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The latest on the Italian luxury GA tax?

Last I heard was that the 3-day parking limit was increased to 45 days.

Does anyone have concrete information on whether this is being enforced and how, and the amounts? For example do they keep track of multiple visits and add them up?

There was always a provision to exempt aircraft which were "undergoing maintenance". Has this been defined? It could be anything from a pilot declaration of "unairworthiness" to having to be worked on by an Italian Part-M company. The latter could be a problem if one went AOG at an airport where there are no maintenance facilities.

Shoreham EGKA, United Kingdom

The swiss aeroclub association wrote an article in April 2012 saying that the change from 2 days to 45 had been decided by the deputy chamber but still had to go through the senat.

There was no details as to the definition of "undergoing maintenance" other than maintenance stay and oldtimers above 40 years are exempted from the tax.

Until very recently, the rule was: 45 days, and as soon as you flew out, the "counter" was back to zero.

Now, this has been changed. It is 6 months now, but when you fly out, the "counter" does not go back to zero. The intention was probably to avoid that owners of aircraft fly out of Italy for a day every 45 days (very impractical and expensive IMHO, but possibly someone really did it).

The is the theory.I have no information how the tax really works in practice.

Nobody will ever define what "undergoing maintenance" means. It's Italy...

Mainz (EDFZ) & Egelsbach (EDFE), Germany

oldtimers above 40 years are exempted from the tax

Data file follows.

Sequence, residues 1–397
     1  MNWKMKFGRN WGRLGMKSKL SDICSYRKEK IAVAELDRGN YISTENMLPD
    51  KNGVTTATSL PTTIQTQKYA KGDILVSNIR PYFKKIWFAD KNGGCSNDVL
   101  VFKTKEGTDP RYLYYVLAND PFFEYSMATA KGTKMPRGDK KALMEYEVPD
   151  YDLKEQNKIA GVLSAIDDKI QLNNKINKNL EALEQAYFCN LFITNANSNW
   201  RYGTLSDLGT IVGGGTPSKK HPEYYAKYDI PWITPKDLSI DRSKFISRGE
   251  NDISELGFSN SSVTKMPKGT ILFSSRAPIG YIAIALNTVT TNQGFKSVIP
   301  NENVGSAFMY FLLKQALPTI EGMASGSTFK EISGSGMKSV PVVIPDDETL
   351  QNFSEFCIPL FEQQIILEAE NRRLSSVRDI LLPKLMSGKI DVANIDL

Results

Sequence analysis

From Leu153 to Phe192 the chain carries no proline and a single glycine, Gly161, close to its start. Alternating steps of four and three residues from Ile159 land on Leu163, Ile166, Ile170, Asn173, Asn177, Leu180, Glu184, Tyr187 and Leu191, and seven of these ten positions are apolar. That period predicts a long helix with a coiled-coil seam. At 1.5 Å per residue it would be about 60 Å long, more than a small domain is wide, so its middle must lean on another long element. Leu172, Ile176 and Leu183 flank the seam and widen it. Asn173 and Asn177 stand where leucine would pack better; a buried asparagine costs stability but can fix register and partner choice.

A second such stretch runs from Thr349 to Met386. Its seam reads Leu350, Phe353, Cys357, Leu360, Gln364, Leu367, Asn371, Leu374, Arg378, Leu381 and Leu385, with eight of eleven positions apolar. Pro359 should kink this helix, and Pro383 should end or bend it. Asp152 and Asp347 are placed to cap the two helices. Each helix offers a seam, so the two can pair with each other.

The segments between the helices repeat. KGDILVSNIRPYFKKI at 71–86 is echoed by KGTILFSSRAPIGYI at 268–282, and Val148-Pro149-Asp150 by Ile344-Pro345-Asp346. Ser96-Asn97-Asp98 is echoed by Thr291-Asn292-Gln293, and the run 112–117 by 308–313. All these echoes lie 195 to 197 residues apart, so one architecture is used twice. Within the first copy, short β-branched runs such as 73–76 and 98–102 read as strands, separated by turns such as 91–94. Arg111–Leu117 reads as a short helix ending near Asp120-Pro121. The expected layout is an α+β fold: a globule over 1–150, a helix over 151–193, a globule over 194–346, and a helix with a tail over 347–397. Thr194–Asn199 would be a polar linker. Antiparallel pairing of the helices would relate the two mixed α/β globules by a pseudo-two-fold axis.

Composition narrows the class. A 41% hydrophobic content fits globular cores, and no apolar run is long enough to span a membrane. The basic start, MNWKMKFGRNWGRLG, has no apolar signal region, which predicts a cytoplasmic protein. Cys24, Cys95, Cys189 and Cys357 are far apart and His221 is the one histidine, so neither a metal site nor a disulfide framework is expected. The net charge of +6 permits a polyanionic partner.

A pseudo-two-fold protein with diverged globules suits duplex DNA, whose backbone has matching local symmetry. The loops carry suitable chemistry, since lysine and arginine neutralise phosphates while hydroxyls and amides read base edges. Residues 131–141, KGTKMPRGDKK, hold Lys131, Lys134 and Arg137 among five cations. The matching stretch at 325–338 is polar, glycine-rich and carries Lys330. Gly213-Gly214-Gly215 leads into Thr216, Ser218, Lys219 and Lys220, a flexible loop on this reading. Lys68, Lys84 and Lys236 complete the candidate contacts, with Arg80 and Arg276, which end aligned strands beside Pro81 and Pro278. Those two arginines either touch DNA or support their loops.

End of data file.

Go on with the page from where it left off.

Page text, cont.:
That's interesting and if true, it could reignite my ambition to ship an N-registered 2-seat taildragger to Italy. The idea was two summers of Aviosuperficie touring by a non-EU resident pilot. Then pull the wings again and ship it back.

But I thought the ''aviosuperficie'' were for microlights only?

Not that many would be very strict, down there, and that's quite as it should be, too.

EBZH Kiewit, Belgium

The intention was probably to avoid that owners of aircraft fly out of Italy for a day every 45 days (very impractical and expensive IMHO...

I would think that would be a very cheap way to avoid the tax. Pop over the Adriatic to one of the Croatian islands for lunch (a 30 minute flight for most of Italy?) or to Portoroz, etc...

It doesn't suprise me they stopped it.

Nobody will ever define what "undergoing maintenance" means. It's Italy...

Sure, but that uncertainty cuts both ways, as they say...

It's a little while since I last landed in Italy but the airport (LIEE) pursued me vigorously afterwards for some confirmation that it was (or wasn't) a business trip. Full VAT was paid on the fuel so I can't see why they cared. So, sometimes at least, "somebody" does pay a great deal of attention to "something" (even if for a completely wrong reason) and if one is parked there and can't fly out, one's bargaining position is not all that great.